Want to Watch it? Phineas & Ferb Christmas Vacation is available on DVD, iTunes, Amazon and you can usually find it on during the holiday season.

Nick and Noel

title

Debuted in 1993

22 minutes

Plot in 3 Sentences: A singer and her dog move in next door to a widowed writer and his daughter, Sarah, and the adults don’t get along. Their pets (Noel the cat and Nick the dog) go on a quest to find a new mother for Sarah and run into some danger. The singer and writer fall in love while looking for their missing pets and they all have a happy holiday.

Fun Fact: The singer is voiced by Lorna Patterson, who played Randy, the singing stewardess in the movie Airplane.

My thoughts: I can’t find anything positive to say about this special, other than being happy that it was one of the shorter ones and not a full hour long story. The plot is completely ridiculous and the whole thing is narrated by a mouse named Barnaby, voiced by Paul Williams, who lives under the main character’s duplex and is completely superfluous to the story. You know from the moment you find out that Sarah wants a mother for Christmas that her father and the singer next door are going to fall in love, but of course we have to see them start off as enemies. I guess I should be thankful that we get to see them form a friendship first before they fall immediately in love, but we find out in Barnaby’s end narration that they rush out and get married on Christmas Eve…probably no more than a week after they first fall in love. The two songs in the special are terrible and the animation is sophomoric. When I found out the fact listed in the individual superlative below, it came as no surprise whatsoever.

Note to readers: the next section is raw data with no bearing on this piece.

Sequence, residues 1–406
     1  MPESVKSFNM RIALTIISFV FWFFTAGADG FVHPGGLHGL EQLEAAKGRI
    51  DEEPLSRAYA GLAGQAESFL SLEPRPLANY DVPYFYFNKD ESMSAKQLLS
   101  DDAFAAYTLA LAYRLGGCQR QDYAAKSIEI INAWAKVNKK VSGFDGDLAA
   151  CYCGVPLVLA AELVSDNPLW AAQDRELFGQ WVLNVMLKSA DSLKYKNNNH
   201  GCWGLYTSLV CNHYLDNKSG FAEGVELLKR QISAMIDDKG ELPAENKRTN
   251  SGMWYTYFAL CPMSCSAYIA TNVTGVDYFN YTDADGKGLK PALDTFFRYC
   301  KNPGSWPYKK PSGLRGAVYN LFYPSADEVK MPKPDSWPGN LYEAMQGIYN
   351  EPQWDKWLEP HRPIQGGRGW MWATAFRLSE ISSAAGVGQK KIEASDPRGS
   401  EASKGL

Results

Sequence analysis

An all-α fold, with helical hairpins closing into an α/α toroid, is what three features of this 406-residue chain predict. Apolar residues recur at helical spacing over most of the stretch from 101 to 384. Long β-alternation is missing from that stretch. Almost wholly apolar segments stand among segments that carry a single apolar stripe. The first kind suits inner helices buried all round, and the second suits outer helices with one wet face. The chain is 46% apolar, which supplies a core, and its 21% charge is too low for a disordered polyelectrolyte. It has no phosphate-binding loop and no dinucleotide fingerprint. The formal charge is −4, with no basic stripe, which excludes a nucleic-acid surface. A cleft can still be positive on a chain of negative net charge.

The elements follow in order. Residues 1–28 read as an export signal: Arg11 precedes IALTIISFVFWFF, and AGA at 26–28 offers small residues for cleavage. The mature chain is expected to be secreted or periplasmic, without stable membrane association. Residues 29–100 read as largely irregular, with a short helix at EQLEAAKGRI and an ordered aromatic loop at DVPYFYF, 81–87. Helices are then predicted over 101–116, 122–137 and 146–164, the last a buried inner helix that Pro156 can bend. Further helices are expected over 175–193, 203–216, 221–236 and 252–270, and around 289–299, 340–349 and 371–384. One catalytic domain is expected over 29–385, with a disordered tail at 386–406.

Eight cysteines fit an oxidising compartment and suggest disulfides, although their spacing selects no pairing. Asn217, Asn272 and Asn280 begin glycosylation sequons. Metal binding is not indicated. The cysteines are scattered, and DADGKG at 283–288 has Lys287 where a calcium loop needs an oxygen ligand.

barnaby

Why does a mouse need a smoking jacket?

writer-dad

More importantly, why does he need safety goggles to play piano?

song

Sarah’s look captures it perfectly.

dressed-pets

It’s not Christmas until you dress up the pets in matching outfits.

Individual Superlative: Now Playing at Your Local Toy Store! – Toys R Us purchased the 7:30 slot on Thanksgiving Day to air this special, peppered with commercials showing the VHS version, plush versions of the toys, storybook and tape set (available only at your local Toys R Us store, of course), prompting an investigation by the Center for Media Education, who limits the number of minutes devoted to commercials in children’s programming.

Want to Watch it? Nick and Noel is available on VHS, DVD and YouTube.